Conversational user interfaces can bridge the best of what computers and humans have to offer.

While looking at hypothetical scenarios and possible outcomes is an important part of how we inform our strategy, our mission at Futures Lab doesn’t end there. To learn more about what we can and should do today, we need to get our hands dirty with practical experimentation.

Speculative prototyping is like a kind of time travel – it allows us to rehearse possible futures, and to experience what it might feel like to be there ourselves. In this case, we built a phone powered by ChatGPT to learn about how we might talk with AI-enabled devices in the future.
Inspired by science fiction ­examples like Samantha from the film “Her”, we set out to build an audio-only interface. Our goal was to explore the technical ­maturity, usability, and applicability of CUIs in today’s landscape.

We scoured Finn.no for a suitable device to house our new tool and ­settled on a 1970s-era Ericofon 700. To provide a context for our experiment, we decided to explore workplace productivity and set out to design a weekly de-briefing tool to help us reflect on our work and keep our stakeholders updated.

We were able to use the ­original speaker but replaced the dialling mechanism and speaker with a Raspberry Pi minicomputer, new microphone, and a proximity sensor so we could tell when the phone was lifted. Using OpenAI’s Whisper service for voice recognition, we sent a transcript of what users said to ChatGPT using a custom system prompt. This prompt helps GPT know how to respond, what role to play, and which tone of voice to use. Finally, the system’s response is played back to the user using Google Cloud text-to-speech functionality.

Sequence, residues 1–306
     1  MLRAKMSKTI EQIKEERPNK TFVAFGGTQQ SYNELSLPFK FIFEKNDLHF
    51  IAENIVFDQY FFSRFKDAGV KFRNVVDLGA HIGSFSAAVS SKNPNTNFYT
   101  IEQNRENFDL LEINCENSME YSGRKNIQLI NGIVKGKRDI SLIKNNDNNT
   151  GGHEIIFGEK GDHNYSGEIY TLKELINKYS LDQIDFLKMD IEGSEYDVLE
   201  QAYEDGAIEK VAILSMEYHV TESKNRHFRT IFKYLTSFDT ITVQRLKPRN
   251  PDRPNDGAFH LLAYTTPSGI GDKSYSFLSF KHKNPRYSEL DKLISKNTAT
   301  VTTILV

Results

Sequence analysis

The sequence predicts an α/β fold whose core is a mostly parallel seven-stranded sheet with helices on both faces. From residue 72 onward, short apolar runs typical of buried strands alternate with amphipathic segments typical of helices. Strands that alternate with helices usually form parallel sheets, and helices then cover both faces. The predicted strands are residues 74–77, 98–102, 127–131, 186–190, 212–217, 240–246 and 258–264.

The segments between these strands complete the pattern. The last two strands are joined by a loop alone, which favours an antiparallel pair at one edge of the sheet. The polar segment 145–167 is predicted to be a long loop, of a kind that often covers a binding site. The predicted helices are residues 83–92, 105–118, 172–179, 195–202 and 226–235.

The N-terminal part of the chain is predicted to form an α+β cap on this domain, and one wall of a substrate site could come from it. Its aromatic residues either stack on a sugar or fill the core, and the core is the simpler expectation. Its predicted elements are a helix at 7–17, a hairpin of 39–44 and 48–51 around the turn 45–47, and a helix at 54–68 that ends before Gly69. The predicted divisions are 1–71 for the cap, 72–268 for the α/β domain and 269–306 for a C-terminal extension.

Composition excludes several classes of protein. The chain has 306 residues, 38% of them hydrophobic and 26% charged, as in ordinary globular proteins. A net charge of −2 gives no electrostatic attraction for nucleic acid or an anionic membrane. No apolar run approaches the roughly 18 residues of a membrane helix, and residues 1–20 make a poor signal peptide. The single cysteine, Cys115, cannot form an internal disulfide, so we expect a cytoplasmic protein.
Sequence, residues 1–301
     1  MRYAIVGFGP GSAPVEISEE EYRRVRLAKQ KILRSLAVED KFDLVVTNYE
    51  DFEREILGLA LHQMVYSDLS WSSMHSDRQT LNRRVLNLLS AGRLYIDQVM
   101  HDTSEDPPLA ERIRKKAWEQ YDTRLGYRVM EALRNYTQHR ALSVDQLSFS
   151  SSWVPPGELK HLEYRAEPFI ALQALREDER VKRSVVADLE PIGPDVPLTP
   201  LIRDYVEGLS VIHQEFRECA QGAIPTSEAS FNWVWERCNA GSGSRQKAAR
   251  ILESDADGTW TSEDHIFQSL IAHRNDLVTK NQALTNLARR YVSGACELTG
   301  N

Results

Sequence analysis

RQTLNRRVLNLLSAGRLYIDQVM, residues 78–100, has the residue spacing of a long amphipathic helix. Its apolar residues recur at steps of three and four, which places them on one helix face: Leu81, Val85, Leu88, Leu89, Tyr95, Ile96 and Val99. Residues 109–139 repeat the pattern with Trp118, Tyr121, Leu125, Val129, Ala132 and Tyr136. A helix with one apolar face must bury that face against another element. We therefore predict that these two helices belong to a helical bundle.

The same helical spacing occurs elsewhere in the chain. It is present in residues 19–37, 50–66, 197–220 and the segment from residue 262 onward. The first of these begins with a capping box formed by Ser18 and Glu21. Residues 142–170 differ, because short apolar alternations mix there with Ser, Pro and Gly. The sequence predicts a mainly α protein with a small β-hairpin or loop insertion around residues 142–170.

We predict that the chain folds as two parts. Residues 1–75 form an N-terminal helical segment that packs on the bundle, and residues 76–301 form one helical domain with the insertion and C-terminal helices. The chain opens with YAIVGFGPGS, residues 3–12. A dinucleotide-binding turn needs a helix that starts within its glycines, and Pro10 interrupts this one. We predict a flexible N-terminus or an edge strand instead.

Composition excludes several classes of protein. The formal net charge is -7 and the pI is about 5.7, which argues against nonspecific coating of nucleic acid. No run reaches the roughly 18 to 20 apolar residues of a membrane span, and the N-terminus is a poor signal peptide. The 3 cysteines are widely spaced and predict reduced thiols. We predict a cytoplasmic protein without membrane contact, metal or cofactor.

The result was compelling and ­eerily similar to some examples from science fiction. While you still need to take turns speaking and listening, the conversation flows fairly naturally. Our AI agent can ask highly relevant follow-up questions, keep the conversation on-task, and help users reflect on their work in new ways. Once the system determines it has enough information (usually after a few minutes of back-and-forth conversation) it writes a summary for the user, which it can either re-write or submit to a database at the user’s instruction. From there the summaries can be used in any number of ways, from providing a searchable archive of our progress, to creating tailored newsletters and Slack updates.

The audio-only experience allows us to assess what actually speaking with our machines in open-ended, flowing conversations might be like, without relying on the graphical and visual indicators we normally use.